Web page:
2.2
U23(θ23, δ) rotation
After the U23(θ23, δ) rotation, the neutrino basis is
ν˜i = U2†3(θ23, δ)νi ,
and the Hamiltonian is given by
H˜ = U2†3(θ23, δ) H U23(θ23, δ)
= 1 hU13(θ13)U12(θ12) diag(0, ∆ m221, ∆ m321)U1†2(θ12)U1†3(θ13)
2E
+ diag(a, 0, 0)i .
As was shown in [
11
], the Hamiltonian, H˜ , is most simple written in terms of a renormalized
atmospheric ∆ m2,
∆ me2e ≡ ∆ m321 − s122∆ m221 ,
as defined in [
12, 13
], and the ratio of the ∆ m2’s
ǫ ≡ ∆ m221/∆ me2e .
– 4 –
(2.5)
(2.6)
(2.7)
(2.8)
(2.9)
(2.10)
(2.11)
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In terms of the a → ∞ eigenvalues
the exact Hamiltonian is simple given by3
H˜ = 21E
λa
Note that H˜ is real and does not depend on θ23 or δ.
2.3 U13(φ) rotation
Since s13 ∼ O(√ǫ), it is natural to diagonalize the (13) sector next, using U13(φ), again
see [
11
]. After this rotation the neutrino basis is
νˆi = U1†3(φ)ν˜i = U1†3(φ)U2†3(θ23, δ)νi ,
(2.12)
(2.13)
(2.14)
(2.15)
(2.16)
(2.17)
(2.18)
(2.19)
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and the Hamiltonian is given by
Hˆ = U1†3(φ) H˜ U13(φ)
λ−
1
= 2E
λ0
λ+
∆ me2e c(φ−θ13)
+ ǫc12s12 2E
c(φ−θ13)
s(φ−θ13)
s(φ−θ13) ,
– 5 –
where
λ∓ = 12 h(λa + λc) ∓ sign(∆ me2e)p(λc − λa)2 + 4(s13c13∆ me2e)2i ,
λ0 = λb = ǫc122∆ me2e ,
which is identical to eq. 3.1 of [
11
]. Also c(φ−θ13) ≡ cos(φ − θ13) and s(φ−θ13) ≡ sin(φ − θ13).
The angle, φ, that achieves this diagonalization of the (13) submatrix (see
appendix A.1), satisfies
λa = c2φλ− + s2φλ+ ,
λc = s2φλ− + c2φλ+ ,
and sφcφ =
s13c13∆ me2e ,
λ+ − λ−
from which it is easy to derive
cφ − s2φ =
2
sφ =
λc − λa ,
λ+ − λ−
s λ+ − λc ,
λ+ − λ−
cφ = s λc − λ− .
λ+ − λ−
3One can use H˜ to do a perturbative expansion, such that it is simple to recover the νμ → νe appearance
probability of Cervera et al., [
7
] at first order.
The Hamiltonian given in eq. (2.15) was used to derive simple, compact and accurate
oscillation probabilities for a wide range of the L/E versus ρE plane, see [
11
]. However,
as was noted in that paper, there is a region of this plane for which a perturbation theory
based on Hˆ is insufficient to describe the physics accurately. This region is small ρE and
large L/E given by
a < 31 ∆ me2e and L/E > ∆ 4mπe2e . (2.20)
To address this region of the L/E versus ρE plane, we perform one further rotation on the
Hamiltonian. This rotation removes the degeneracy of the zeroth order eigenvalues at the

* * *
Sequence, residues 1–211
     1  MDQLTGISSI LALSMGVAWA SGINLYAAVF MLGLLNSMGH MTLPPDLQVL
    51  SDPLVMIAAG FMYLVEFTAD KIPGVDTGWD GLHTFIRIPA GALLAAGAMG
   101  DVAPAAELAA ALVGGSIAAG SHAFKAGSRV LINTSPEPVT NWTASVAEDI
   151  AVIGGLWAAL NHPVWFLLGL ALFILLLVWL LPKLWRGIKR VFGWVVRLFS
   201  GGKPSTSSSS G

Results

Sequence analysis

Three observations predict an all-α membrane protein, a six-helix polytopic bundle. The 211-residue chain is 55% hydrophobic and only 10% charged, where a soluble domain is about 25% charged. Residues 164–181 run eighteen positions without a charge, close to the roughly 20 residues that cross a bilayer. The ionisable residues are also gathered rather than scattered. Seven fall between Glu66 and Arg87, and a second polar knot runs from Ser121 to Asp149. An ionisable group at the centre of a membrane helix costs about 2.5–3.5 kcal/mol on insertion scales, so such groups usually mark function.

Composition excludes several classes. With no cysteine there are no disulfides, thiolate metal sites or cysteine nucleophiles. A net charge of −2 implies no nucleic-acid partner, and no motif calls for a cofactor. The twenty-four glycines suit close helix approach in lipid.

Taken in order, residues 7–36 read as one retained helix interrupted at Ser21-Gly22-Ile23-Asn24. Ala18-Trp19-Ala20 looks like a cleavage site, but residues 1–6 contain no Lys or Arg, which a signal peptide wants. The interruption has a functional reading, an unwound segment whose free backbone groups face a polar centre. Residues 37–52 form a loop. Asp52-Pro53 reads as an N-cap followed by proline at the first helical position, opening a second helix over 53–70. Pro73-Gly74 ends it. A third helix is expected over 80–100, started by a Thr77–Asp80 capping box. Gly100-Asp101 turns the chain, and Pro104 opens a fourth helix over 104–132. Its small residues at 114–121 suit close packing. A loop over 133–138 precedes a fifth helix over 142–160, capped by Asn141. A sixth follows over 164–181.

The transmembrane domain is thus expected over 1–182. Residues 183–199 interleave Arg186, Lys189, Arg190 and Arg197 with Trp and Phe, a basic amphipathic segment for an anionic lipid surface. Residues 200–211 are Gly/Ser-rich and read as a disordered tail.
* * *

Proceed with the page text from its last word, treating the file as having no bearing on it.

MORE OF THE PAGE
solar resonance when λ− = λ0. This is performed in the next subsection.
2.4
U12(ψ) rotation
Since λ− and λ0 cross at the solar resonance, a ≈ ǫ∆ me2e cos 2θ12/ cos2 θ13, to describe
the physics near this degeneracy we need to diagonalize the (12) submatrix of Hˆ , using
U12(ψ). The new neutrino basis is
νˇi = U1†2(ψ)νˆi = U1†2(ψ)U1†3(φ)U2†3(θ23, δ)νi .
The resulting Hamiltonian, split into a zeroth order Hamiltonian and a perturbing
Hamiltonian, is given by
Hˇ = U1†2(ψ) Hˆ U12(ψ) = Hˇ0 + Hˇ1 ,
where
1
Hˇ0 = 2E
λ1
λ2
,
λ3
The diagonal elements of the zeroth order Hamiltonian are
λ1,2 = 21 h(λ0 + λ−) ∓ q(λ0 − λ−)2 + 4(ǫc(φ−θ13)c12s12∆ me2e)2i ,
λ3 = λ+ .
The angle, ψ, that achieves this diagonalization of the (12) submatrix of Hˆ (see
appendix A.1), satisfies
λ− = c2ψλ1 + s2ψλ2 ,
λ0 = s2ψλ1 + c2ψλ2 ,
sψcψ =
ǫc(φ−θ13)s12c12∆ me2e ,
∆ λ21
where we introduce the useful shorthand notation,
∆ λij ≡ λi − λj .
– 6 –
(2.21)
(2.22)
(2.23)
(2.24)
(2.25)
(2.26)
(2.27)
(2.28)
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It is easy to derive that4
with the diagonal elements the zeroth order Hamiltonian and the offdiagonal
elements the perturbing Hamiltonian. While the λa,b,c eigenvalues cross twice and the
λ−,0,+ eigenvalues cross once, the new λ1,2,3 eigenvalues do not cross, see figure 1,
which allows for the perturbation theory to be well defined everywhere.
• The size of the perturbing Hamiltonian, Hˇ1, is controlled by the parameter
ǫ′ ≡ ǫ s(φ−θ13) s12c12
= s(φ−θ13)s12c12 ∆∆ mm22e2e1 ,
where
which is never larger than 1.4%.
• In vacuum,
s(φ−θ13) = 0 , (2.35)
so that the zeroth order Hamiltonian gives the exact result. Also, in the limit where
a → −∞ for NO or a → +∞ for IO s(φ−θ13) → −s13 which is of O(√ǫ). Whereas for
a → +∞ for NO or a → −∞ for IO s(φ−θ13) → c13 ∼ 1, see figure 2.
• Since perturbing Hamiltonian, Hˇ1, has only nondiagonal entries the first order
correction to the eigenvalues are zero. The diagonal elements multiplied by 2E are, to
an excellent approximation, the mass squares of the neutrinos in matter.
4Given the definition of λ1,2 in eq. (2.25), the sign term in from of cψ is not necessary, but will become
necessary when we discuss the λ1 ↔ λ2 interchange symmetry.
– 7 –
π/2
,ψπ/4
φ
• There is a very useful interchange symmetry involving λ1,2 and ψ. The Hamiltonian
is invariant under the pair of transformations λ1 ↔ λ2 and ψ → ψ ± π/2. Our
expressions for sψ and cψ, see eq. (2.30), satisfy this interchange symmetry with the
+ in front of the π/2. Since the transition probabilities always have an even number
of ψ trig functions, this interchange symmetry can be simply expressed as